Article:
Beware of the Three Faces of Ransomware

Ransomware_webCryptoWall, CryptoLocker and CoinVault promise to destroy data if ransom demands are not met.

“Ransomware” has been making news lately due to the rise of CryptoWall – a nasty combination of malware and extortion that encrypts files and demands money in exchange for the key. If the ransom isn’t paid by a certain deadline, data will be lost forever. The only way to regain access to the files is to pay the ransom or restore from a recent backup that was not actively connected to the infected machine.

CryptoWall ransomware infected millions of users in September and October of this year. Hackers infiltrated the advertising networks that delivered ads to a number of reputable, high-profile websites such as AOL, Yahoo and Match.com as part of a sophisticated “malvertising” campaign. Users didn’t even have to click the ads to be infected. CryptoWall was automatically downloaded to user computers when pages with malicious ads loaded. Although the ad networks compromised in these attacks claim to have addressed the problem, an even more serious threat lurks on the horizon.

Primarily delivered via email attachments, CryptoWall 2.0 has been enhanced to fortify “deficiencies” that allowed security professionals to stop the earlier version in recent months. Simply put, enhancements to CryptoWall 2.0 make it more difficult for users to recover data and easier for hackers to compromise computers and receive ransom payments.

CryptoWall 2.0 copies and encrypts data and securely deletes the original data files, forcing users to recover data from backups or pay the ransom. CryptoWall 2.0 also assigns user-specific bitcoin payment addresses for each victim, which prevents victims from stealing another victim’s payment and using it to pay their own ransom. Gateway servers through the Tor anonymization network are now being used for ransom payments in order to stay hidden from authorities and control access to their servers.

CryptoLocker Locks down Data

Although CryptoWall made headlines as part of a widespread malvertising campaign, most ransomeware such as CryptoLocker is spread via phishing emails designed to look as if they come from legitimate businesses, or through phony UPS and FedEx tracking notices. CryptoLocker has also shown up on computers attacked by a separate botnet infection.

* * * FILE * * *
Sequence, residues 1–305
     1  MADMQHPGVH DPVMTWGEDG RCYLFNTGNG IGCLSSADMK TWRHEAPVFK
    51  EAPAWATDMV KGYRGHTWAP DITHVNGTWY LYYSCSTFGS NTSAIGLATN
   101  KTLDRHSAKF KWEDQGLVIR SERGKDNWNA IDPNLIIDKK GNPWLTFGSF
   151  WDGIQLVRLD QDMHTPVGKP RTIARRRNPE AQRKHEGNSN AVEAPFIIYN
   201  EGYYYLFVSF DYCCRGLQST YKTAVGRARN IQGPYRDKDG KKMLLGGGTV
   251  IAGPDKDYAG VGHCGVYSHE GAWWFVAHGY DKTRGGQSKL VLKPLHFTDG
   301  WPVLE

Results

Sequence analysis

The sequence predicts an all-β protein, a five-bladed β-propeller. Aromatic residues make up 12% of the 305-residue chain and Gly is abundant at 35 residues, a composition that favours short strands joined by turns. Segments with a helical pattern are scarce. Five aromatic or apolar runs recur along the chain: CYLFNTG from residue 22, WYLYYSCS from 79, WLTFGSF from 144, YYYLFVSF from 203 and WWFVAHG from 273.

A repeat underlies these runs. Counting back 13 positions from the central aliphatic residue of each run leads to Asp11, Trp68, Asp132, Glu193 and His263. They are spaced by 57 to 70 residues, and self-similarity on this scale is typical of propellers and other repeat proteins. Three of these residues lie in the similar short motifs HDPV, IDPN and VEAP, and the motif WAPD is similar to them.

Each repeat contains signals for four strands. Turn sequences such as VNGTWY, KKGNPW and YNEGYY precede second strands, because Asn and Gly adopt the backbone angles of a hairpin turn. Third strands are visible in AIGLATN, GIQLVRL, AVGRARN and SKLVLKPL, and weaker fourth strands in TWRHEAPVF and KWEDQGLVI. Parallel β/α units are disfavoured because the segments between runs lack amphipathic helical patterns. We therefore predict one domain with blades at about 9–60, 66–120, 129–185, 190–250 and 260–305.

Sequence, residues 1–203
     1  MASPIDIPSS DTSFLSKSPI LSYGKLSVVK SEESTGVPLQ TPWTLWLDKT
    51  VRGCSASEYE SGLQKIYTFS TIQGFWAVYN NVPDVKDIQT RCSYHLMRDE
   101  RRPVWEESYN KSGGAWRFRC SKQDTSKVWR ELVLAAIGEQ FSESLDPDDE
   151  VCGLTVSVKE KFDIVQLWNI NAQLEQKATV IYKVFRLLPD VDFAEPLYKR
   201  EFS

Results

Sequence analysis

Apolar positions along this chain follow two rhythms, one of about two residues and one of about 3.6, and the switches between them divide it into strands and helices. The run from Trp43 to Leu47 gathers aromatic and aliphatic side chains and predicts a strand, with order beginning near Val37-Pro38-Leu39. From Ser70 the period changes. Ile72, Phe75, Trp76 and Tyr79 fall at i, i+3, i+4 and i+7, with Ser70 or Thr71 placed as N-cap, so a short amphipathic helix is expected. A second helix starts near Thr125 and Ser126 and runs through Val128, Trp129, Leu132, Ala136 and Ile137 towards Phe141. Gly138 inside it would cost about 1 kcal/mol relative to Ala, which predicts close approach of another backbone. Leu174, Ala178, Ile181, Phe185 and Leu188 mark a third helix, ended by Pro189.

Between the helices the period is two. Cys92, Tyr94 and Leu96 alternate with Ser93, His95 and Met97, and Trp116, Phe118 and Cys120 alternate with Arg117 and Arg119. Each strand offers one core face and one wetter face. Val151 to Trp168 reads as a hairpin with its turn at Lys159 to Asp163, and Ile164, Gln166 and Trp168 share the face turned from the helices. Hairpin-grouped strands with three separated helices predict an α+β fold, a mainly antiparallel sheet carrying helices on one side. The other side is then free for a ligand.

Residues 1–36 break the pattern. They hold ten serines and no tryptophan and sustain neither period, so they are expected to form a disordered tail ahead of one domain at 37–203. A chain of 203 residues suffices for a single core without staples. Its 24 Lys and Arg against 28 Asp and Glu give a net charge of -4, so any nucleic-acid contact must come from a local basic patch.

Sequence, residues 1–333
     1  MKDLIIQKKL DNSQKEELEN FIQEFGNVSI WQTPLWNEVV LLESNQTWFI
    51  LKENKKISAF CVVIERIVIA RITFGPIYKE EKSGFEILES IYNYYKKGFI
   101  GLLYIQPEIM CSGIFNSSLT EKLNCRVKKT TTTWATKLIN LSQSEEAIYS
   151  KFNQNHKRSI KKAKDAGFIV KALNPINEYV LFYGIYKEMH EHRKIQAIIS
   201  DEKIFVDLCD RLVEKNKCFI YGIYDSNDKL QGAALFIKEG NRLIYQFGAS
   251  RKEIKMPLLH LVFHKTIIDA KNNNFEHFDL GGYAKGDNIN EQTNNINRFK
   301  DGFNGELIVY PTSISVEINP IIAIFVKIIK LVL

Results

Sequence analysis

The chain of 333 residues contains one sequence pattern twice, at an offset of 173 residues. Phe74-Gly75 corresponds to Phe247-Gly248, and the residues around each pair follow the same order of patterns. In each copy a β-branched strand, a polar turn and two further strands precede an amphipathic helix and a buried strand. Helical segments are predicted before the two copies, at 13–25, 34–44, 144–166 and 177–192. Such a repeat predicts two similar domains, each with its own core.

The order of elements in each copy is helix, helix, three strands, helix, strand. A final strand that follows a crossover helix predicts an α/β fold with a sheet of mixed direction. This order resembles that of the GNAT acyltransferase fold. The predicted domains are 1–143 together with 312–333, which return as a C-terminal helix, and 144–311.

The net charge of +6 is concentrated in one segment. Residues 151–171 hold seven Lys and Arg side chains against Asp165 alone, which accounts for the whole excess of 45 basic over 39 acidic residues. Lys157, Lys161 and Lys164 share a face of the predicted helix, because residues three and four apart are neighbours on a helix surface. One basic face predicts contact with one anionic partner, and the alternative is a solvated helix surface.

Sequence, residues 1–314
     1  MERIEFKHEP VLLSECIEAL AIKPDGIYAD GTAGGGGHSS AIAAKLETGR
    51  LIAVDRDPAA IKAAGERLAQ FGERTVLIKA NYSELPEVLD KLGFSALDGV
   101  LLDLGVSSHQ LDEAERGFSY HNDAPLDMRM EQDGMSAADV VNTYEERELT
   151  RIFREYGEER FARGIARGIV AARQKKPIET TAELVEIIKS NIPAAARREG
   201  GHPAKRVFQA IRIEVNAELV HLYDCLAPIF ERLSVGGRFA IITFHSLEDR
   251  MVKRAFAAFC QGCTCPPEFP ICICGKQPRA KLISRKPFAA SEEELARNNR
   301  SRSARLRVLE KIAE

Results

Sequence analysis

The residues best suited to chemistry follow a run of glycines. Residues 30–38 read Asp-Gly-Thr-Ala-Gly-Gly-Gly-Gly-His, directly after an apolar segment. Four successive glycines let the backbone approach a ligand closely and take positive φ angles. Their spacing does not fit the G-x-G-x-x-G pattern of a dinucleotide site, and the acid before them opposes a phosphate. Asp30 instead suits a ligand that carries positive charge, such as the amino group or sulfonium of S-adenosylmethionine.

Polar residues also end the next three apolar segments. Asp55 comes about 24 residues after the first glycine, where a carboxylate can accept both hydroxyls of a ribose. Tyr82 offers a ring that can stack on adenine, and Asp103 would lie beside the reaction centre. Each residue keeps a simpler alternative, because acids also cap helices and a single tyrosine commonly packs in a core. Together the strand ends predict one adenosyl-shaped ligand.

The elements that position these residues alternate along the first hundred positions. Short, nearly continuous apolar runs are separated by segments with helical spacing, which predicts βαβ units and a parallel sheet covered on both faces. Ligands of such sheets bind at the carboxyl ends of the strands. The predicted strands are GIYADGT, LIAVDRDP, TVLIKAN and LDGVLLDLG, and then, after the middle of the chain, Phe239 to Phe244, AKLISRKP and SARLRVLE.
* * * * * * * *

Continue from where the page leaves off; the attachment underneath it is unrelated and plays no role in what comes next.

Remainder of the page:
Typically, the emails have a malicious attachment in the form of a .zip file that contains an executable program disguised as a PDF. When the victim clicks on the file, it installs itself in the Documents and Settings folder. After contacting one of the hackers’ command-and-control servers to generate an encryption key, it encrypts all documents, graphics and other files on the victim’s internal and external hard drives, removable media, and any shared network drives.

Once the files are encrypted, CryptoLocker displays a message demanding payment of $300 within 72 hours in order to obtain the private key needed to decrypt the files. Recently, the developers launched a new “service” in which victims can get their files decrypted after the deadline has passed. Reportedly, the cost is more than $2,000. So far, CryptoLocker has eluded antivirus software, Microsoft security updates and firewalls. That’s because it continually morphs into new variants that are difficult to detect. Even if antivirus software is able to detect it, it will already have begun encrypting files.

Law enforcement officials from the U.S. and other countries have managed to seize servers used for the CryptoLocker ransomware, although recent activity has been reported. According to the U.S. Department of Justice, Cryptolocker had infected nearly a quarter-million computers by April 2014, mostly in the U.S., with victims estimated to have paid more than $27 million in ransom in the first two months after the malware emerged.

CoinVault Adds Mind Games to the Equation

Cybercriminals have introduced a psychological component into a new form of ransomware called CoinVault. Like CryptoWall and CryptoLocker, CoinVault is a program that encrypts data and stores the key on a remote server. It also eliminates the Windows Volume Shadow Copy Service, making it impossible for users to restore the most recent autosaved version of the file.

CoinVault is different in that it shows the victim a list of encrypted files and allows the user to choose one file to have decrypted for free. Some security experts believe this functionality is offered to prove that files can actually be decrypted. CoinVault even shows a clock that counts down to the payment deadline. If the clock reaches zero and a bitcoin payment hasn’t been made, the cost for the key increases.

Although many hackers using these three ransomware programs have provided the key needed to decrypt files after the ransom is paid, some victims have reported that they did not receive the decryption key. Because there is no guarantee that criminals will live up to their end of the deal, US-CERT is urging victims not to give in to extortion but rather to report the incident to the FBI’s Internet Crime Complaint Center.